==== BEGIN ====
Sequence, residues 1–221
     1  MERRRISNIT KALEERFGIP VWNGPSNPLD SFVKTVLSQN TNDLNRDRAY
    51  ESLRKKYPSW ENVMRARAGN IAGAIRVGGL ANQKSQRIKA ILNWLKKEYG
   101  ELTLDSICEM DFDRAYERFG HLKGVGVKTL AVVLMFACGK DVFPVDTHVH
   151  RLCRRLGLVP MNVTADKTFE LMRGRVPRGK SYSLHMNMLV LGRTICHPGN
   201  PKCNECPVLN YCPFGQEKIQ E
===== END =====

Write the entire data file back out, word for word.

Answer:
Sequence, residues 1–221
     1  MERRRISNIT KALEERFGIP VWNGPSNPLD SFVKTVLSQN TNDLNRDRAY
    51  ESLRKKYPSW ENVMRARAGN IAGAIRVGGL ANQKSQRIKA ILNWLKKEYG
   101  ELTLDSICEM DFDRAYERFG HLKGVGVKTL AVVLMFACGK DVFPVDTHVH
   151  RLCRRLGLVP MNVTADKTFE LMRGRVPRGK SYSLHMNMLV LGRTICHPGN
   201  PKCNECPVLN YCPFGQEKIQ E